Luke Mroczenski, Civil Engineering Technology-Highway Technician student, with Mid-State logo

Return to school unlocks unexpected doors for Mid-State graduate

May 13, 2020

When it comes to bold career moves, Luke Mrozcenski, Nekoosa, has mastered the crash course. Set to graduate this spring from Mid-State’s Civil Engineering Technology-Highway Technician program, he first took a step back from his full-time salary and health insurance after one year of teaching high school math. “I wasn’t sure if I was exactly where I was supposed to be in life,” he said about his decision, even if teaching was a great fit in many ways for the self-improvement addict who is motivated by the desire to help others.

But what next, and where next? “I’d already gone the four-year route, and it was good,” Mroczenski said, “but I knew that based on time and money, I wasn't looking to go back into a four-year university.” After extensive research, he found the answer in a civil engineering degree and a career in surveying. The work would draw on his math skills with the perfect blend of physical and intellectual challenge. He also looked forward to a hands-on profession that would get him outdoors more often. He enrolled in the Civil Engineering Technology-Highway Technician associate degree program at Mid-State and left his teaching career behind—or so he thought.

From the start, Mroczenski decided to apply for a part-time tutoring job in Mid-State’s LiNK, just to round out his college experience and use his math skills for good. Little did he know that this one application would turn into academic coaching and even teaching a math course for Mid-State. "I was actually able to sit down with the dean of general education, which at a huge university I imagine I wouldn't have gotten that chance,” he said.  

Even as Mroczenski’s love of teaching was reignited, he happily progressed through his degree program, developing and honing his surveying skills while forming some of the best memories of his time at Mid-State with other students in the Civil Technology Club and at professional conferences and fundraising events. 

But Mroczenski’s Mid-State experience would not stop there. He applied for and served in student ambassador and campus representative positions, both of which allowed him to share his positive experiences with others throughout the year. These led to an even greater opportunity this spring when he was chosen to represent Mid-State in Madison as the College’s WTCS state ambassador, a role reserved for some of the most outstanding students in the Wisconsin Technical College System. “It's really been an honor to be recognized as someone who embodies Mid-State's values,” he said. “It’s a great feeling to be supported and believed in.”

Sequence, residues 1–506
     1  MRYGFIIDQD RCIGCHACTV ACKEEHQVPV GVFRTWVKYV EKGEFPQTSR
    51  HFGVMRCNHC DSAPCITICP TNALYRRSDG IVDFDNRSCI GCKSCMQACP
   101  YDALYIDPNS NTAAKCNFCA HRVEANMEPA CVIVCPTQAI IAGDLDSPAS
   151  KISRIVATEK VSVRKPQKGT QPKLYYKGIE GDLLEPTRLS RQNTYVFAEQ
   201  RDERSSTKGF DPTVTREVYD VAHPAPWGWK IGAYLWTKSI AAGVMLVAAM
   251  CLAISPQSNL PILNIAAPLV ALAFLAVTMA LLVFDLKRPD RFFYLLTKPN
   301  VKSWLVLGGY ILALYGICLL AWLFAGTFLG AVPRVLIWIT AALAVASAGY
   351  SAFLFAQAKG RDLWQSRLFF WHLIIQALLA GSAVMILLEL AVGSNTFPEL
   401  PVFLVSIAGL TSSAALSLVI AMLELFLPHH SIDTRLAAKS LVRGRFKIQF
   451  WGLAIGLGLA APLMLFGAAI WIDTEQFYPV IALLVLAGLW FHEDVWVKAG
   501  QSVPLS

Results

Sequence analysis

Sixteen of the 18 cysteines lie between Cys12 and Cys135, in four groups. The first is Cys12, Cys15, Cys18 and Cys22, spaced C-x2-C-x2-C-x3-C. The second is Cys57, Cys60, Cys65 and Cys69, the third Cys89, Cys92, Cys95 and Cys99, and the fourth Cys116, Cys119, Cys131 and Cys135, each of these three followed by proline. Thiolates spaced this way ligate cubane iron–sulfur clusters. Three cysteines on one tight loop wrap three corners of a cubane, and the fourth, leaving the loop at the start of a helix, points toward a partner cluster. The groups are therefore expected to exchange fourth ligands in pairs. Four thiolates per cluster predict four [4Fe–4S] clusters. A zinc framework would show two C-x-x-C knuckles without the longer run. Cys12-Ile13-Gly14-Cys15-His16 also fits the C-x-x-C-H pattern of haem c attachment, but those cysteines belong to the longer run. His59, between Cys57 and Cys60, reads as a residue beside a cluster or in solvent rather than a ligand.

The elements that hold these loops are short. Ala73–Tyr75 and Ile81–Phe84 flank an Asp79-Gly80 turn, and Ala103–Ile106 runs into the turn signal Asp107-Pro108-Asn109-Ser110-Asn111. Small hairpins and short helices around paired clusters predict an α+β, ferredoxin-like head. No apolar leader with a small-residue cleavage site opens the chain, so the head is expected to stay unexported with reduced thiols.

As he prepares to take the next step in his career, Mroczenski realizes he has more options now than he ever dreamed of when he first decided to return to college for another degree, in part because of the opportunities he’s found at Mid-State. This past summer, he completed a surveying internship for a company in Wausau and has the option to work for them after graduation, but it’s not the only option that now has his attention. For Mroczenski, deciding to teach was always about assisting and lifting people up. “If I can see a way to help people, I like to think that I’m going to pursue it,” he said, reflecting on the possibility that he will keep teaching in some capacity as he moves forward. 

Whatever he decides, Mroczenski is loving the fact that he can start earning immediately in a hands-on profession that aligns with his new skills, or he can further invest in teaching at the college level and see where that leads. He is also grateful for the scholarships he was awarded from the Mid-State Foundation, enabling him to graduate debt free. “The generosity of Mid-State’s donors really helped to alleviate a lot of the monetary concerns I had about getting that second degree,” he said.

Mroczenski’s experience earning a second degree may have taken some unexpected turns, but the outcome has been perfect for him. He has a few words for others considering a two-year degree at Mid-State, "It's not a short path with a closed door. If you do decide to pursue more school, that first two years at Mid-State are only going to leverage you to more success.”

Find Mroczenski’s full story and video at mstc.edu/gradspotlight, and follow Mid-State’s Facebook account at facebook.com/MidStateTech on Sunday, May 17, to join a special celebration of the spring graduating class.